By Vikram Jit Singh
This lone winged beauty among a flock of migrating birds has given Indian bird-watchers the goosebumps! The first photographic record from the Indian sub-continent of the globally endangered species, the Red-breasted goose (Branta ruficollis), at Bijnore (Uttar Pradesh), by wildlife photographer, Rajesh Panwar, has been confirmed by top ornithologists as a vagrant that migrated to India, which is traditionally thousands of miles off its normal winter migration routes.
Commenting on this find in the popular group, Indian Birds, Taej Mundkur, programme manager, Flyways, at Wetlands International, Arnhem, Holland, states, very important record. This is way off its 'normal known migration range'. The species used to spend the northern winter in Iran along the Caspian coast, but with changing water levels, the main non-breeding area moved over 1,000 km west to the west coast region of the Black Sea in Bulgaria.
Though the goose was photographed on March 13 by Panwar, he declared the find to fellow bird-watchers only on Monday on Holi, and it set the hearts aflutter. This goose is the smallest of the European geese species and its population has halved in the last decade due to a habitat loss, fishing, hunting, pesticides etc.
The lone goose was photographed by Panwar feeding along with a flock of migratory Bar-headed geese. It may be recalled that a pair of similar, vagrant Whooper swans had been photographed at Pong Dam, Himachal Pradesh, in January 2103, which was 113 years after the last record of these swans from India.
The excitement among modern-day Indian ornithologists is because historical records have been debunked since long and Panwar's authentic sighting at Bijnore gives the latter a very special status. Praveen Jayadevan, who is doing a project on `Indian Rarities' in association with Indian Birds, gives a historical context to Panwar's record, "Stuart Baker (1904) identified this from the description provided by MS Mondy who saw four (Red-breasted geese) on the banks of River Brahmaputra, along with Greylag geese, sometime in the 1904 winter.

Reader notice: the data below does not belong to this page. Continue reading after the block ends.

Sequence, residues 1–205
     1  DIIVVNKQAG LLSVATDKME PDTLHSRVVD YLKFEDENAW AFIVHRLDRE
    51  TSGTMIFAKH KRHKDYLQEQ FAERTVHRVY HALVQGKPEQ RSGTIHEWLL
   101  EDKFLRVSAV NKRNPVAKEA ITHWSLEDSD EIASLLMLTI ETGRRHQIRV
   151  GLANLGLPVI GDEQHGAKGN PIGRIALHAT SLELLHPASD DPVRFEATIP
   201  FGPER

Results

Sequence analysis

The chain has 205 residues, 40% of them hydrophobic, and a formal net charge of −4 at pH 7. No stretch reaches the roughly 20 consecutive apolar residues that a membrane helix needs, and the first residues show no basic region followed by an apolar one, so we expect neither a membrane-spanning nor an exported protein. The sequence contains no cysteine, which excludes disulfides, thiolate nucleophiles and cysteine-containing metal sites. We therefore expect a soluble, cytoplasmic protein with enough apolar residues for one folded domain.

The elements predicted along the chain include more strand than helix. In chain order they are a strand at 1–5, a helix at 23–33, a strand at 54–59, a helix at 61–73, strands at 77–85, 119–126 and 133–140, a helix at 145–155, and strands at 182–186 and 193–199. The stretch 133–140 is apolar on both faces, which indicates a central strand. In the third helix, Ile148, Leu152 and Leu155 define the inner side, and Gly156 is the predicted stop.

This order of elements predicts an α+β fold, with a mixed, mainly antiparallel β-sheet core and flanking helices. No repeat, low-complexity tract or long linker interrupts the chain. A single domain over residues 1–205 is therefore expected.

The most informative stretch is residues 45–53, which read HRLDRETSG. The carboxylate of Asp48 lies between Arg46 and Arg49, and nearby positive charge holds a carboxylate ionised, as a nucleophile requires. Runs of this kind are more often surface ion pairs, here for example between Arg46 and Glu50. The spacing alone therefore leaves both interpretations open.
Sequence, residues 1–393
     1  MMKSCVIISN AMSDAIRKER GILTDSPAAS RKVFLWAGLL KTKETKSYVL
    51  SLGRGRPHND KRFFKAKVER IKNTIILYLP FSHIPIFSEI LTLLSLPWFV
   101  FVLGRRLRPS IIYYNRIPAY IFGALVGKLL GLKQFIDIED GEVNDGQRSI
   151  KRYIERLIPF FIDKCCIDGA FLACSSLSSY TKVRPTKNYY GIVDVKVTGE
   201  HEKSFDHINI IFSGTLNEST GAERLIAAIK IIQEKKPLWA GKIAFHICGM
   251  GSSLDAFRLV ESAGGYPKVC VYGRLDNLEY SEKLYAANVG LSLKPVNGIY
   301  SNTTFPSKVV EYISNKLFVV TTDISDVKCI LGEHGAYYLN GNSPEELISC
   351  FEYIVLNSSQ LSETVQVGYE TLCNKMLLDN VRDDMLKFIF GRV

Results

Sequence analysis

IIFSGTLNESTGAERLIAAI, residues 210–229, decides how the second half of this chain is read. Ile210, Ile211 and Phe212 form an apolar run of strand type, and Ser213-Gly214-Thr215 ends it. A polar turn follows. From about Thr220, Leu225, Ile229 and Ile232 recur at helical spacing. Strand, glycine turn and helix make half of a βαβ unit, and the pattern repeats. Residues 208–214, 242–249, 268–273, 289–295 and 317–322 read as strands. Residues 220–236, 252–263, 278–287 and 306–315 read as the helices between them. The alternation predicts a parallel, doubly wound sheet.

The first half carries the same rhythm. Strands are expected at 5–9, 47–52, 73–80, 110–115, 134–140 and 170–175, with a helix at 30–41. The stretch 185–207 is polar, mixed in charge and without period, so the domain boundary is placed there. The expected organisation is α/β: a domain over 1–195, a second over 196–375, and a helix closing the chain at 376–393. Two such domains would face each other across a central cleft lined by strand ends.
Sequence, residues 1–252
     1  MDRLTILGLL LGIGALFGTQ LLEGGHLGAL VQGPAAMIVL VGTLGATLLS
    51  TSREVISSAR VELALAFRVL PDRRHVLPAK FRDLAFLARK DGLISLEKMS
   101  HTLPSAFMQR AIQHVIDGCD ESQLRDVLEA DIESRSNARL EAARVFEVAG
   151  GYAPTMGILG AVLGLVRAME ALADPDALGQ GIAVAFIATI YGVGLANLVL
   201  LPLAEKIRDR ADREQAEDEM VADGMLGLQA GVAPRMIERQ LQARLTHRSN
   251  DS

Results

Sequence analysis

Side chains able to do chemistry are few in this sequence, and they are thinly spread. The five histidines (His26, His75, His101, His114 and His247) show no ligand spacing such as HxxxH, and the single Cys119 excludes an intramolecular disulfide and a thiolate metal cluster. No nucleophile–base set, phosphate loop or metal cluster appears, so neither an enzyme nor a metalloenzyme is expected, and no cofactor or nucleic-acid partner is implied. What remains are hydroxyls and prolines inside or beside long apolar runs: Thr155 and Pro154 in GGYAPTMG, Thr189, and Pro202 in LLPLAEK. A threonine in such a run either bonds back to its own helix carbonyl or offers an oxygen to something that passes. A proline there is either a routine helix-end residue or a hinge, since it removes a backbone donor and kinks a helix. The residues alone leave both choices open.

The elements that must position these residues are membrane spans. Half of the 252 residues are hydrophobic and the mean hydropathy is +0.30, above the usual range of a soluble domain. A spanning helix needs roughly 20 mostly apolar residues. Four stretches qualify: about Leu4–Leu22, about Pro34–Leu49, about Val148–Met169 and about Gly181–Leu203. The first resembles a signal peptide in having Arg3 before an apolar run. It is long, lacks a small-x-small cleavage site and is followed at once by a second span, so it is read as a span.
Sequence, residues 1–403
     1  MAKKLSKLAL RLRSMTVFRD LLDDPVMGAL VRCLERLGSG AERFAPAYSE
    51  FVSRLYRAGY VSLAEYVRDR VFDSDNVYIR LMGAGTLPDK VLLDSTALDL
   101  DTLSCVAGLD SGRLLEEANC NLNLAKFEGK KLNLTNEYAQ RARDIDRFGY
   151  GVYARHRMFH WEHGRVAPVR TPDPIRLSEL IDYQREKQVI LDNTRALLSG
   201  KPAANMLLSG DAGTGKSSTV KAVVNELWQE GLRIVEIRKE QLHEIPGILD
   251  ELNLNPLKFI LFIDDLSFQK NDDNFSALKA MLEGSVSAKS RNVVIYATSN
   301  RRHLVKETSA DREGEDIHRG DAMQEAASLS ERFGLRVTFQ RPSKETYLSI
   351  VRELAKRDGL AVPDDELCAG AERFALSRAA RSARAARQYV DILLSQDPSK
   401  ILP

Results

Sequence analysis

Though Baker mentions the observer took a `very careful note of its appearance' and provided a `minute description', these details are found wanting. Several years later, Baker suggests Mondy saw only a `single' (goose) while he himself saw a `flock of five' that went past his steamer while travelling on the Brahmaputra in March 1907, contrary to his own earlier documentation. The record from Madhya Pradesh refers to report in the Bengal Sporting Magazine of April 1846, VIII, Page 247, of one goose shot near Nagpur from among a group of four (Blyth 1870). However, Blanford (1898) dismissed this anonymous record."
This goose is stated by international conservation organisations as the "most threatened goose species of the world." A massive project with international collaboration is underway in Bulgaria to save this dwindling goose species. It is listed on Annex I of the European Union Birds Directive and on the Ornis committee list of birds are priority for LIFE Nature funding. The species is also listed as Endangered on the IUCN Red List (upgraded from Vulnerable in 2007), is on Appendix II of the Convention on International Trade in Endangered Species (CITES) and Appendix I and II of the Convention on Migratory Species (CMS), states BirdLife In Bulgaria, the group that is spearheading this international project.